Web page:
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Should your client downsize their home in retirement?

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Our daily roundup of retirement news your clients may be thinking about.

Should your client downsize houses in retirement?
Seniors might be better off downsizing in retirement, as it could eliminate their mortgage and reduce housing costs, according to an article on the personal finance website Motley Fool. By moving, clients could also choose a location with a lower cost of living. However, it can have downsides, such as losing a sense of community and incurring new (and expensive) costs.

Clients need to double their retirement savings
Advisors should consider advising their clients to boost retirement savings from 10% to 17% of their income in order to retire at age 65, according to a report in an article on CNBC. Clients aged 25 to 65 have a median saving rate of only between 6% and 8% of their earnings. "It's not enough just to say, 'Are people saving for retirement'. When you break it down and look at what amount they're contributing, it's at least half of what they should be," says a researcher.

Gift annuity offers tax break and retirement income
A charitable gift annuity is another way for seniors to donate to charity and secure a guaranteed income in retirement, aside from donor-advised funds and qualified charitable distributions, according to an article on Kiplinger. Clients could get a tax deduction in the year they give the irrevocable gift. "A gift annuity may not be a well-known tool, but it can be a wonderful fit, particularly for seniors," says an expert.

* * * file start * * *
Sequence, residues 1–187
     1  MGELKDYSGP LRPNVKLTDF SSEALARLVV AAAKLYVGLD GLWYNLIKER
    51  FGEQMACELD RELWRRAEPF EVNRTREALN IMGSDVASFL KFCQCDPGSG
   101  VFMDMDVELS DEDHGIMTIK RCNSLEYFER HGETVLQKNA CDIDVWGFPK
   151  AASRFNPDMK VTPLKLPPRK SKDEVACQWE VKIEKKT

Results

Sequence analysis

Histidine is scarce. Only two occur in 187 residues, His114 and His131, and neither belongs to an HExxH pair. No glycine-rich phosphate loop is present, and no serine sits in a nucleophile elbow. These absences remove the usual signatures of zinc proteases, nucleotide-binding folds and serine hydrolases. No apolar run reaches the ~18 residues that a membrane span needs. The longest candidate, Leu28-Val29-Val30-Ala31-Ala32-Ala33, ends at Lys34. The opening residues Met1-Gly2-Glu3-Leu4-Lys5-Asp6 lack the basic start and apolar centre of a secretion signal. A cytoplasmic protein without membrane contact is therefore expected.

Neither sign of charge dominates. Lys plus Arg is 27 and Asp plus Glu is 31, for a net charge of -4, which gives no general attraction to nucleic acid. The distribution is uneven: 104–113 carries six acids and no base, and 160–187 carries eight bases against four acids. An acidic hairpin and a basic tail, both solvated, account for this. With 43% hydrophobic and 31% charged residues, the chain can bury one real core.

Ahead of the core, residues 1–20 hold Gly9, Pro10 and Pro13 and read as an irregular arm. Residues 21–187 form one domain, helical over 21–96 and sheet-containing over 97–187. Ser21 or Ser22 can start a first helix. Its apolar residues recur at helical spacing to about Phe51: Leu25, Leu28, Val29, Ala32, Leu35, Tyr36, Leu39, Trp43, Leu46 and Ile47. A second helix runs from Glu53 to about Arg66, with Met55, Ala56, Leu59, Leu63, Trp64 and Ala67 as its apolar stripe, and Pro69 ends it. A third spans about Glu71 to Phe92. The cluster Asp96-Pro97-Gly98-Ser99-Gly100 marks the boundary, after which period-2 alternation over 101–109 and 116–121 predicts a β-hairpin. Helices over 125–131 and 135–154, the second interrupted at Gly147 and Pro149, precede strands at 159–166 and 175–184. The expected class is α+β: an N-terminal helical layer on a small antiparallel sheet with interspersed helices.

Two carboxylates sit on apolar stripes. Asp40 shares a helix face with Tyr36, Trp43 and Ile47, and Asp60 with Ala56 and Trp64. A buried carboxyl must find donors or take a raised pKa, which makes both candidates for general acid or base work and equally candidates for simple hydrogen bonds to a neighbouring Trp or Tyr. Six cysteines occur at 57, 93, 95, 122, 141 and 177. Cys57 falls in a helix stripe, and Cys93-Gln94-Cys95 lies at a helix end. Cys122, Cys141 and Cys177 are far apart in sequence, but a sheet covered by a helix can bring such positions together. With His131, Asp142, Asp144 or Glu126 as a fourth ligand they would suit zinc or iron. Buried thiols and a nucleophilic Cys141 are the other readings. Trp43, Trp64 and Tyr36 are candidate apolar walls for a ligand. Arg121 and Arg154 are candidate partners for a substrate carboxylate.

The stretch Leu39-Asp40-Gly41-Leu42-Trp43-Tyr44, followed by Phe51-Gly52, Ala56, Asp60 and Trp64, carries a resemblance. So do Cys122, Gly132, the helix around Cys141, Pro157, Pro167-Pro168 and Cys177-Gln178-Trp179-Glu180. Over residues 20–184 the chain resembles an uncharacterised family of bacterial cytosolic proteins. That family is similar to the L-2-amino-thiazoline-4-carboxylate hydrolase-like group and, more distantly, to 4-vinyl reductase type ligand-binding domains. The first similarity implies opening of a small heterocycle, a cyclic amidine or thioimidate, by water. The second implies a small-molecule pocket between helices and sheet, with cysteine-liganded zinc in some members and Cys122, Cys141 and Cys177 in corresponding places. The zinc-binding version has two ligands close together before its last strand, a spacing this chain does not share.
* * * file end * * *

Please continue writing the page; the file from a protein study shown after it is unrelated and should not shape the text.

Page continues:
Retirement product surges after fiduciary rule’s demise
Annuity sales amounted to $59.5 billion from April to June, according to a new report in The Wall Street Journal. The figure is at its highest since 2015, and the strong demand for annuities is expected to remain steady for the rest of the year. The trend, which can be attributed to elimination of the DoL's fiduciary rule, shows how Washington’s push to roll back financial regulations is giving new life to products that some might say aren’t always good for investors.

What your 50-year-old client should have already done to prep for retirement
By the time they reach the age of 50, clients should have been boosting their retirement contributions and setting aside an emergency fund, according to an article on U.S. News & World Report. They should also have not only diversified their retirement savings by directing the money to tax-deferred, tax-free and taxable accounts, but also paid off their debt and sought professional help.

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